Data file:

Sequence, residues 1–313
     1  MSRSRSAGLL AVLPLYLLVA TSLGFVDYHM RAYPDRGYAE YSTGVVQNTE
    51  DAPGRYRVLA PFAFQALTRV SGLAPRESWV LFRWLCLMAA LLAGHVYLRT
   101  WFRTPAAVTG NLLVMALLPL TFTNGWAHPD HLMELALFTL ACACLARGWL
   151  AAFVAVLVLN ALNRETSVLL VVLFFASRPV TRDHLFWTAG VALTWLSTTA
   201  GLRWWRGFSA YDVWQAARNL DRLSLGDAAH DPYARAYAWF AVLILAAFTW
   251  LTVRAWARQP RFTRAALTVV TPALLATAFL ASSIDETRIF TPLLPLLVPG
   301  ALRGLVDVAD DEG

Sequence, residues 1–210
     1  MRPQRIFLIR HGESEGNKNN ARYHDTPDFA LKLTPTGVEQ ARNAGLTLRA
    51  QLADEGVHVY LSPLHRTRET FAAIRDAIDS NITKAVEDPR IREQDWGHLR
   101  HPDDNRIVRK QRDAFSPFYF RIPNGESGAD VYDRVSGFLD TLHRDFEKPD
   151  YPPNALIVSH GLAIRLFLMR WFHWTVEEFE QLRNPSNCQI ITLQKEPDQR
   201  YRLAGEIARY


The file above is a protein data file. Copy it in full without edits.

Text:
Sequence, residues 1–313
     1  MSRSRSAGLL AVLPLYLLVA TSLGFVDYHM RAYPDRGYAE YSTGVVQNTE
    51  DAPGRYRVLA PFAFQALTRV SGLAPRESWV LFRWLCLMAA LLAGHVYLRT
   101  WFRTPAAVTG NLLVMALLPL TFTNGWAHPD HLMELALFTL ACACLARGWL
   151  AAFVAVLVLN ALNRETSVLL VVLFFASRPV TRDHLFWTAG VALTWLSTTA
   201  GLRWWRGFSA YDVWQAARNL DRLSLGDAAH DPYARAYAWF AVLILAAFTW
   251  LTVRAWARQP RFTRAALTVV TPALLATAFL ASSIDETRIF TPLLPLLVPG
   301  ALRGLVDVAD DEG

Sequence, residues 1–210
     1  MRPQRIFLIR HGESEGNKNN ARYHDTPDFA LKLTPTGVEQ ARNAGLTLRA
    51  QLADEGVHVY LSPLHRTRET FAAIRDAIDS NITKAVEDPR IREQDWGHLR
   101  HPDDNRIVRK QRDAFSPFYF RIPNGESGAD VYDRVSGFLD TLHRDFEKPD
   151  YPPNALIVSH GLAIRLFLMR WFHWTVEEFE QLRNPSNCQI ITLQKEPDQR
   201  YRLAGEIARY